One particular criticism that Grits has heard before from local probation directors found that: “the Division did not inform all local departments of all evaluation criteria before the local departments submitted their community justice plans. The Division’s instructions to the local departments did not specify the evaluation criteria the Division would use. The State of Texas Contract Management Guide states that 'the solicitation document must advise the respondents how a proposal will be evaluated.'”The Division also should improve its financial and program monitoring to ensure that local departments spend funds from Diversion Programs grants as intended. Specifically:- Financial Monitoring. The Division's financial monitoring of local departments relies primarily on reviewing the reports from audits of financial statements and compliance-related information that external auditors conduct at local departments. However, the Division's guidance and checklist for those audits do not contain sufficient detail. In addition, the Division does not consistently review the reports from those audits in a timely manner or follow up to determine whether local departments correct issues identified in those audits.- Program Monitoring. The Division conducts its own program monitoring at local departments. Its program monitoring includes reviewing local departments' compliance with special grant conditions. However, the Division does not determine whether local departments' performance output and outcome reports are accurate, and it does not have an adequate risk assessment to select local departments at which to perform program monitoring.
The Division also should improve its monitoring of available funds to ensure that it maximizes the use of Diversion Program grants.
Another issue was that TDCJ-CJAD cannot confirm the validity of data reported by local probation departments that's used to determine grant funding:
Program output data in the Actual Program Outputs (APO) system and offender-level data in the Intermediate System (ISYS) that the Division uses to make Diversion Program grant funding decisions may not be accurate.Yet another criticism highlighted a problem Grits has frequently complained about related to these diversion grants: "The Division does not have a schedule of sanctions that it can impose on local departments for noncompliance with the terms of their Diversion Program grant agreements." The agency promised that by January 2013 it would put in place a "system of graduated sanctions" for non-compliant departments.
The local departments enter annual performance data into the APO system. They also enter offender-level data into case management systems, and that data is subsequently transmitted to ISYS. The Division also receives data on monthly offender totals from the local departments and enters that data into a database. The Division compiles the data from those three sources and then uses it to score local departments’ community justice plans and make funding decisions. However, data in the APO system and ISYS may not be accurate. For example, the Harris County Community Supervision and Corrections Department explained to auditors that the data on outputs that it submitted to the APO system was inflated, and the Dallas County Community Supervision and Corrections Department could not provide support for totals it had entered into the APO system. Division management also stated that offender-level data in ISYS was not accurate.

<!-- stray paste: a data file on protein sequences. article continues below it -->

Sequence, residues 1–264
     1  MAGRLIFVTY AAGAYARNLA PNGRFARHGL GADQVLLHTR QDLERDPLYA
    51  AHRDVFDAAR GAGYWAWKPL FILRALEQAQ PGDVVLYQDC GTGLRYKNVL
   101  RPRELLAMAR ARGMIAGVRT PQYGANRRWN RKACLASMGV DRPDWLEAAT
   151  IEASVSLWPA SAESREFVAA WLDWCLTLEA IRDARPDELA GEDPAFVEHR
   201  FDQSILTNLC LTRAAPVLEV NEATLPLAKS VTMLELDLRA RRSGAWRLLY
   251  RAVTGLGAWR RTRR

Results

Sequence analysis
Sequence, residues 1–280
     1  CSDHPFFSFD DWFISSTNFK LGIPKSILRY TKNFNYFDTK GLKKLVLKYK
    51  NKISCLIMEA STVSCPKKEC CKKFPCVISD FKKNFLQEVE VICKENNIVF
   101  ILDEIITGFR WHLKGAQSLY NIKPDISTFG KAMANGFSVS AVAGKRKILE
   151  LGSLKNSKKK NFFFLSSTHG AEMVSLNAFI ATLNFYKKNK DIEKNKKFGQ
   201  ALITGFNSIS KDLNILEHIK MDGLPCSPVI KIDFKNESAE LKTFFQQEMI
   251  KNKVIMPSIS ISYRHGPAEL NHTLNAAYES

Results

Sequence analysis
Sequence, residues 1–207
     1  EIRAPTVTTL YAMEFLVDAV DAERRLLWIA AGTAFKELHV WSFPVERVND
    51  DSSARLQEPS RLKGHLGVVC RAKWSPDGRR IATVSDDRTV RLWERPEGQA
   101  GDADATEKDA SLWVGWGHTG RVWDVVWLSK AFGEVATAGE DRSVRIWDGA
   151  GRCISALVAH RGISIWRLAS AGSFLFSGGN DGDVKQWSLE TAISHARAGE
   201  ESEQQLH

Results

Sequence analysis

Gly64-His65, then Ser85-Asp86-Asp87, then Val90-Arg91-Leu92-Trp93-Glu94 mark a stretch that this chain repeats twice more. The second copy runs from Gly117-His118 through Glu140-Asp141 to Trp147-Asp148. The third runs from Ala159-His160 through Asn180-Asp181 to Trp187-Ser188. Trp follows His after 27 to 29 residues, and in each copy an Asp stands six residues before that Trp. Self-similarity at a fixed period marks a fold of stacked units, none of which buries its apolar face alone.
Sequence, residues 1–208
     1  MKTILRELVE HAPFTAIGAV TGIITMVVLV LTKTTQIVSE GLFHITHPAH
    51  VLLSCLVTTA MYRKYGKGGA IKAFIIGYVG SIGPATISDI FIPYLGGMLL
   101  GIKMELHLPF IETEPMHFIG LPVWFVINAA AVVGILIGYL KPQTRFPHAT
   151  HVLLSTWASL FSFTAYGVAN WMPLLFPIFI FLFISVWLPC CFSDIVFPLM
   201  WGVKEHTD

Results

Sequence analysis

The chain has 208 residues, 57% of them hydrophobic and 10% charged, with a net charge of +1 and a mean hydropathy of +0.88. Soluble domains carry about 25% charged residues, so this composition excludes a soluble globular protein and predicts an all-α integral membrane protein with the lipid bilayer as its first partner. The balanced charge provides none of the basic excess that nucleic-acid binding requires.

If the Division does not ensure that data from those sources is accurate, that increases the risk that funding decisions could be based on inaccurate data and that funding may not meets the needs of local departments.
To be fair, there's an extent to which TDCJ-CJAD doesn't have the staff or resources to provide more aggressive oversight of diversion grants or local probation departments generally. In an unrelated story out today in the Houston Chronicle, "Ana Yáñez-Correa, executive director of the Texas Criminal Justice Coalition, said funding cuts have hurt the division's ability to prevent a situation like that of Harris County, noting the agency's staff has fallen from 116 in fiscal year 1998 to 74 as of last November."
TDCJ-CJAD agreed with the state auditor's recommendations, most of them predicting compliance on relatively short timelines, but it's questionable whether the division has sufficient resources to effectively implement them all. TDCJ has always treated probation as a red-headed stepchild, even though far more offenders (three times as many, in fact) are supervised on probation than in prison. TDCJ and the Legislature both consistently prioritize keeping prisons open over strengthening community supervision programs, then everyone wonders why CJAD doesn't perform more aggressive monitoring with 36% fewer employees than they had in 1998. So while I agree with much of what's in the auditor's report, I also recognize that TDCJ-CJAD finds itself between a rock and a budgetary hard place. Oversight of diversion programming should improve, but it can scarcely do so if legislative budget writers and TDCJ administrators don't give them the resources to do so.